Artist: The Magic Lantern
Release date: November 2, 2018
Label: Hectic Eclectic Records
Producer: The Magic Lantern
There’s a certain place that music takes you, and though for every music lover this place might be slightly different, we can all share the fact that there is such a place. Sometime this place is solitary, or shared by friends or lovers, or exists in some transcendent plane of existence inaccessible by any other mode of life.
People have often said it about music, or any sort of art: “It takes you somewhere.” What does this mean? I don’t know if you can explain it, but each person knows it when they feel it, sort of like that elusive, joyous feeling we call love.
I get the feeling listening to the latest effort “To The Islands” by The Magic Lantern that this can place can exist as much for the musician as the listener, and that this fantasy environment created by a piece of art can be shared by both. This hypothetical “place” is where you meet and encounter the singer’s spirit, the side of him that exists and is planted in his art to grow and become known to the world.
Every artist who releases their work to the world does this whether they know it or not. They have created a public persona, an artistic “spirit” that will have a relationship with every person who interacts with their art. Listening to “Blue” by Joni Mitchell over the years, I feel like I have come, through the songs, to know her. Not the living, breathing Joni, but an extension of her, the spirit of “Blue” which I have conversed and spent time with almost as if with a close friend or a wise mentor.
Similarly, one of the major draws of “To The Islands” is its almost quixotic solitude that pours out of singer Jamie Doe’s spirit. The music may take the listener to his or her own place, but that’s also because the Jamie seems to be trying to do it himself, using the music as a bridge to a different world.
To this effect Jamie Doe, under his moniker The Magic Lantern, has undeniably expanded on his sound on “To The Islands.” Steeping his warm, melancholy voice in vibrations of jazz and atmospheres of folk, he’s put together an album wholly unique and full of life. There’s a refined sense to the record that shows just how much work Doe has put in, how much his “spirit” has been injected into each song. Alternatively, there is also something cinematic and far reaching about each track. The quiet recollections of “Re: Her” would seem appropriate in a Studio Ghibli film, and “Masks” finds Doe musing over a chamber string arrangement, one that feels as sacred as a visit to an abandoned church.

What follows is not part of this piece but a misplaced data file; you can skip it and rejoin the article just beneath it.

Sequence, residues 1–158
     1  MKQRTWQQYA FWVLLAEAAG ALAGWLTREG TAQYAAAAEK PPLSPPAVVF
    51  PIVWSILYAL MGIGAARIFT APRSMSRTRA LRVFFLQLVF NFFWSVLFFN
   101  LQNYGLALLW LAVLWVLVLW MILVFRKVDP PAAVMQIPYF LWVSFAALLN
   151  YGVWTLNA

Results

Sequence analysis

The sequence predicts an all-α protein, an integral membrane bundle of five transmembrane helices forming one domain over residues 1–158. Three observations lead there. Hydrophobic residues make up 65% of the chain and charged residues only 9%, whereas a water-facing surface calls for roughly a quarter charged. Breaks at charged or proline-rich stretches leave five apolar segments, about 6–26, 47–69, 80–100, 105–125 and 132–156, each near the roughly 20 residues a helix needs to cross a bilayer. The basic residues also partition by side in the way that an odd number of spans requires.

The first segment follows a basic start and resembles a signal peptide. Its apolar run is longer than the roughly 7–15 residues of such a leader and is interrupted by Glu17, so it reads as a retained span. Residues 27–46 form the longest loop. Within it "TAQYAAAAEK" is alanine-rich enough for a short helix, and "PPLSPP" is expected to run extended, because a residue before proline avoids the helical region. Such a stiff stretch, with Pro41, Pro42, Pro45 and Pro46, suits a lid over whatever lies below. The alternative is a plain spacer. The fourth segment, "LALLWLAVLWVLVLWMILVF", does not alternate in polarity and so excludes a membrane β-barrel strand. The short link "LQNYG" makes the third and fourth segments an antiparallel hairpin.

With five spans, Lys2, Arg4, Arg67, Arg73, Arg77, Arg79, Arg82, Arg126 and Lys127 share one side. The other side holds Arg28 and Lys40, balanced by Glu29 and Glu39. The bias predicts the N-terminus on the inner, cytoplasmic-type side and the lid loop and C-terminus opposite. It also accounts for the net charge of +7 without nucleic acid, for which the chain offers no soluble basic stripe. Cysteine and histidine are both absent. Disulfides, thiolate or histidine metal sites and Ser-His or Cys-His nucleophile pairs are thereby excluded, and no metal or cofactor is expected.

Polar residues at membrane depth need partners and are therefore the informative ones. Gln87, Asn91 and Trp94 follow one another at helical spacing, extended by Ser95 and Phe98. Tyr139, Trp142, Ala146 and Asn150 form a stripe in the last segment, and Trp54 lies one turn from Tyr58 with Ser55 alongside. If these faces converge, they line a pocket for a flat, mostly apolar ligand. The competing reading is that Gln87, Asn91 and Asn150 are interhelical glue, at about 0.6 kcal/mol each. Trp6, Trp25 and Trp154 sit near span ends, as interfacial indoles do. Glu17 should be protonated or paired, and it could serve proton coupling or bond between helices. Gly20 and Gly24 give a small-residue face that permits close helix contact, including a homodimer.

The exploratory feel of the album – a songwriter boldly trying to find new modes and ways of expression – is encapsulated by the single “Holding Hands.” It was the first track to capture my attention from the album, and still stands out as one of the album’s best. The song’s first act finds saxophones acting as the chordal blanket on top of which Doe expounds his yearning, romantic sensibilities: “I’m searching, for my true love / And I know she’s there / Just carry on, just carry on.” His lyrics are childlike in their simplistic hopefulness, but are contrasted with a smart, minimal arrangement that, together, form a song at the intersection of what makes adulthood such a whirlwind of dashed hopes and renewed desire.
If it completes the story for you, it might be good to know that Jamie Doe did find his “true love” during the course of making the record, eventually marrying fellow musician Rhia Parker. “Re: Her,” the instrumental at the end of the record, seems to respond to the ideas of the other songs with this wonderful fact. Joyous sections appear in other parts of the record, like at the end of “Scattered Leaves” where he sings in what sounds to me like an indecipherable language of his own creation. This all comes at the finale of a song largely about failure and regret.
There’s plenty to love here, enough to prove that “To The Islands” has the power to become The Magic Lantern’s breakthrough album. Though a beloved musician in English folk circuits, a more expansive popularity has so far eluded him, which means it’ll be interesting to see how this album does on the market. Although songs like “Holding Hands” and “Albatross” have the potential to be sleeper hits, the album’s oblique chord structures and quiet, reserved moments have the possibility of turning off listeners, ones who may feel initially drawn to the singer’s vibrant romanticism. It’s a shame, too. “To The Islands” rewards those who put time into developing a relationship with it. Though it may not shock or dazzle at first, it is an album that is incredibly rewarding as you dig more into its details.
So, here’s a brief suggestion for this album. Brew a cup of tea, turn off your phone, and sit down with “To The Islands.” Talk with it, make remarks, observe your mind’s own drifting ideas, and see comes of it. Maybe nothing will, and that in itself is beautiful.